The most important criticism actually would not be the delivery of this presentation, as I think it a given that common off the street people will miss a lot, but more a serious concern how the Orthodox world will react.

Though I personally am a hellraiser to some degree and you know what? The community could use this burr under their saddle as there's not a lot of forward progress with this sort of intent coming about most anywhere else. There's plenty of rightful criticisms of Aish and Chabad for instance, but those don't negate that they have way better polish and genuine passion shown than we get otherwise. So an incubator and educational center would be a very good thing in my book.

As a final aside, it's the university arts and humanities crowd that will see almost nothing amiss with the presentation, but their criticism will be that it puts Judaism in a positive light which tells you where their heads are at.

January 15, 2008 3:00 PM  
Blogger e-kvetcher said...

One thing that struck me as weird is the term "fifth tier", just because it reminds me of "fifth column" which of course has a lot of anti-semitic connotations...

January 15, 2008 6:34 PM  
Anonymous Shai said...

The "Fifth Tier" is conceptually the final stage of 5 periods - the last 10 years of Jewish History. The previous 4 from recent to less are: 4) Emancipation to last 10 years, 3) 2nd Temple to Emancipation, 2) 1st Temple to 2nd Temple and 1) Biblical Israel. The Fifth stresses actual works by average people, being done today, to help inspire us to invent / select personal missions for ourselves.

Again,the idea is that the ideas build upon the past, or at least in some ways derive from them. Depending on the architectural concept, which depends on the site (there is no site yet), it could be that they are all on a single level, unfolding like a series of boxes horizontally and not vertically as tiers.

Suitepotato, yes - the orthodox could choose to have a problem with it. But it would be a choice - content wise, there is nothing opposed to orthodoxy per se. The way I see it the facility supplements but does not supplant the orthodox hashkafa, but it allows people who choose not to be orthodox a way to insert Jewish content in their lives without being ritually observant. The question you ask is Rambam's, too. Can a person have been zocheh the zchut of a mitzvah if they don't believe in G-d? Rambam says he can't. But obviously this is not an issue to a lot of Jews. The way the orthodox should see it, I believe, is that when Jews put Jewish content in their lives, and maintain their identity, they feel part of the Jewish People and risk being lost to us without it. I'm not willing to write my fellow Jews off just because they aren't observant - each of them is from my perspective to be treasured and respected for who they are, from whence they stand. I am not proposing this facility as a substitute for ritual streams - those who choose to benefit from one of those streams may do so still and this facility can only help that choice along - but it is not a religious institution in any normal sense of that meaning.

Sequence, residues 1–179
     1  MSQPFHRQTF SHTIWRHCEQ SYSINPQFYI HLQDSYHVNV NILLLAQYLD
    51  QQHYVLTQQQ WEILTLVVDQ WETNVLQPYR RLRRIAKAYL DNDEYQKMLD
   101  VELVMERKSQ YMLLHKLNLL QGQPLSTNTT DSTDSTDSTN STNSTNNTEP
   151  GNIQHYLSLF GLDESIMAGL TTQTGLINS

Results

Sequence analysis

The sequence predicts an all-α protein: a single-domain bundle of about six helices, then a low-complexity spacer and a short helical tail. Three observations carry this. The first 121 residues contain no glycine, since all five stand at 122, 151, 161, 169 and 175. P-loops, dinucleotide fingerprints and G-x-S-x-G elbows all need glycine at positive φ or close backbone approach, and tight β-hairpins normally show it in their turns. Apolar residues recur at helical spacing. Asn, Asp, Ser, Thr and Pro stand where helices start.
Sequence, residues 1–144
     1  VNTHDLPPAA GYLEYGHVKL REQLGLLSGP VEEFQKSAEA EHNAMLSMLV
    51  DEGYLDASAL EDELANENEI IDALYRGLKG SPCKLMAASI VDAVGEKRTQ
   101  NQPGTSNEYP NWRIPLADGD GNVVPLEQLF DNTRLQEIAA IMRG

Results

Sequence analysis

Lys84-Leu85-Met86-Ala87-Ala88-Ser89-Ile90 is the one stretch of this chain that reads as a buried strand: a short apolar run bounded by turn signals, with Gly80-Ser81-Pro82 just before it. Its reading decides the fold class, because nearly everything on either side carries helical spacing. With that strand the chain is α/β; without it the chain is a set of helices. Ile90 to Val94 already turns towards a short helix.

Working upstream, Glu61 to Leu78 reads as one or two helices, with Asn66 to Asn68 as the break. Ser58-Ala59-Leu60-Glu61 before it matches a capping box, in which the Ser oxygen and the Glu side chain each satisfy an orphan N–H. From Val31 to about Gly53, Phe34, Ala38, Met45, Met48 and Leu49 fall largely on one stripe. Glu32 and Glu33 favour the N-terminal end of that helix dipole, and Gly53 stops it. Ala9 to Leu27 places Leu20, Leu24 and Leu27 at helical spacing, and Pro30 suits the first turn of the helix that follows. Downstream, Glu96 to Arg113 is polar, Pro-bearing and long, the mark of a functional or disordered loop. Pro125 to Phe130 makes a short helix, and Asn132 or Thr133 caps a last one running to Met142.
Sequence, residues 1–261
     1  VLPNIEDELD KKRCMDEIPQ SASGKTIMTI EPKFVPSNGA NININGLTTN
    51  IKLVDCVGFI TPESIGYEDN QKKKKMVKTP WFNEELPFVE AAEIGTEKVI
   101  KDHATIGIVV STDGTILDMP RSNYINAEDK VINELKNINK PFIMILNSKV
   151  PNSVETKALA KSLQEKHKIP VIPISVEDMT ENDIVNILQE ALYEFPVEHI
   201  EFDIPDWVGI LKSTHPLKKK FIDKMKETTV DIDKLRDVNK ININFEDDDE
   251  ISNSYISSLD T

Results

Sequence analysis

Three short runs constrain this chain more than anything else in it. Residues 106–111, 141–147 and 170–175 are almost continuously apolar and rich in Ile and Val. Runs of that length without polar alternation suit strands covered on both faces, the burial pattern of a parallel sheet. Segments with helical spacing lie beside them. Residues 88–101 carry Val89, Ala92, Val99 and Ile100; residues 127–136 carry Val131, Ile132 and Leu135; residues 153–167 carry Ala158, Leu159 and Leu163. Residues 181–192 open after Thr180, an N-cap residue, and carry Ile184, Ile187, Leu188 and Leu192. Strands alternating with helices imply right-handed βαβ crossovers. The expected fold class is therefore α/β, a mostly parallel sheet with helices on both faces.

I think a lot of people "off the street" miss a lot anyway. That's obvious when you look at the assimilation rates. If what we as Jewish culture have so much to sell, why are so many people buying elsewhere? We're going to put our best foot forward with this facility - and really show why Jewish people can be proud of their heritage, and how they can incorporate its specific content in their lives even when they are not ritually observant. If there is not such a facility, for sure the message will be lost.

There is a lot to say, and I had only 5 pages to say it, and I am not an expert at all in how people learn, only in how I learn. I know a lot about how communities are built, too - the idea is to make this an "Institution" in the classic sense of the word, to allow the "message" of Jewish values and the gaining of a specific Jewish moral intelligence to be absorbed through exposure to Jewish communal life. I don't think the message will be easily lost if we can succeed in this.

Professor Menachem Kellner had a footnote in his book "Must a Jew Believe Anything", which turned the Emancipationist assertion that we should be a "man on the street and a Jew at home" on its head. He said, "be a Jew on the street, and if you must, an epikores at home". HIs point is clear to me - we should be focusing on how to stand together as Jews, irrespective of our views toward religion per se, and recognize the good in what we've received from the past - and be motivated to create more good to pass to our future. This project is my attempt to do so.

Thanks for your comments, everybody.

Shai

January 15, 2008 7:19 PM